The second episode of Gotham is another step in the right direction even after a pretty rough few minutes after finding out what Bruce has been up to. I only say that because if you’re trying to make it believable that kids living on the streets are so trusting of adults they don’t know then a much better scenario is needed. Especially when later on you have the character that got away state that children have been disappearing for weeks on the streets of Gotham. So you might see why that very important but terribly written scene fell flat. Though soon after, we get to see Gordon and Bullok begin their investigation and it doesn’t take long for things to get right back on track thanks to McKenzie and Logue doing an excellent job in their respective roles. These two are the highlight of the show so far along with a couple of other characters that will come up later. But Jim’s drive to be the honorable cop in the GCPD as opposed to what he’s surrounded by is a very well handled plot device.
Now, there are many fans who are watching Gotham that have an extensive knowledge of Bruce Wayne’s origin along with the various alterations made to it. Between the various comics, movies, and animated shows it’s been covered extensively. So this where the show draws a line in the sand between those that have that knowledge and those that may only have a casual understanding. Scenes with young Bruce don’t offer too much of anything that’s new however for the casual Batman fan these are pretty crucial. So they may not entice some viewers however they are important to the overall story because it always comes back to Jim Gordon trying to help Bruce cope.
Though there is a rather sketchy plot development surrounding Bruce’s coping that doesn’t sit too well. He’s doing things to himself but calling it “testing”. Gordon suggests some psychiatric help and Alfred states that Mr. Wayne informed him that upon his demise to “trust the boy”. This just seems like another weak area when it comes to the children much like the issue with the street kids. These writers give a much better representation of the adults on the show than the young ones. Which needs some improvement if they’re scenes are to be enjoyable.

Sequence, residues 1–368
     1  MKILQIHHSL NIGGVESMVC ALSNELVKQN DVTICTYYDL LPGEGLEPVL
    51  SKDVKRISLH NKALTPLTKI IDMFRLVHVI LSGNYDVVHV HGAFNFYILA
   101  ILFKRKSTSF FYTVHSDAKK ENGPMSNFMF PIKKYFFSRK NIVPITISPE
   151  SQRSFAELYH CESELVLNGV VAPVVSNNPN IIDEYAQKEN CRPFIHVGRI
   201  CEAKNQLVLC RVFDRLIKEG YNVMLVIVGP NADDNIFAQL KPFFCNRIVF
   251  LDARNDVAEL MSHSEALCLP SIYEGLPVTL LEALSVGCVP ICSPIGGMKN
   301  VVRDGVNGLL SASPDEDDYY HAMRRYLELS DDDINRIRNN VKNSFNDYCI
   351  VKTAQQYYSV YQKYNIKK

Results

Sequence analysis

Since the episode is titled ‘Selina Kyle’ Cameron Bicondova, who plays the future Catwoman, actually has dialogue this time and delivers a convincing portrayal. This is despite her letting everyone know to call her “Cat” which became slightly annoying after so many visual cues as well. This was something of an issue in the first episode and even though we’re treated to less “look at this future Batman villain” the show isn’t subtle when it does happen. However there is one name drop that was pretty exciting and unexpected. So hopefully we get to see this villain later on in the series that ties back to this episode.
Robin Taylor continues to impress as Penguin and he isn’t afraid to get his hands bloody. This interpretation of the famed villain is not a joke or parody either. He’s an unstable, violent mess of a character, and the resident wild card that’s so much fun to see in action. A very far cry from what we usually get to see when the character is handled in movies or television which is very refreshing. Along with Jada Pinkett-Smith as Fish Mooney, they make their presence known when on screen. Their powerful performances alone make Gotham worth watching just to see what they’ll do next.
The episode is also filled with several nods and Easter eggs along the way for those with a keen eye and a pause button. Though the first episode had many that were noticeable it was a bit harder (for me at least) to spot them in this episode. Though there was one very big one that should have fans talking and speculating once they catch it.
If you enjoyed the first episode then you’ll want to see this one as well. Even if the pilot didn’t impress you too much I still suggest checking out this episode as it’s much better and more focused. The spotlight on the crime and corruption running amok in Gotham is where the story has been the strongest. It’s not little Bruce Wayne nor young Selina Kyle but the great mix of mobsters, police drama, and action that ensures we see those characters who are making Gotham one of the best new additions to comic book themed television shows.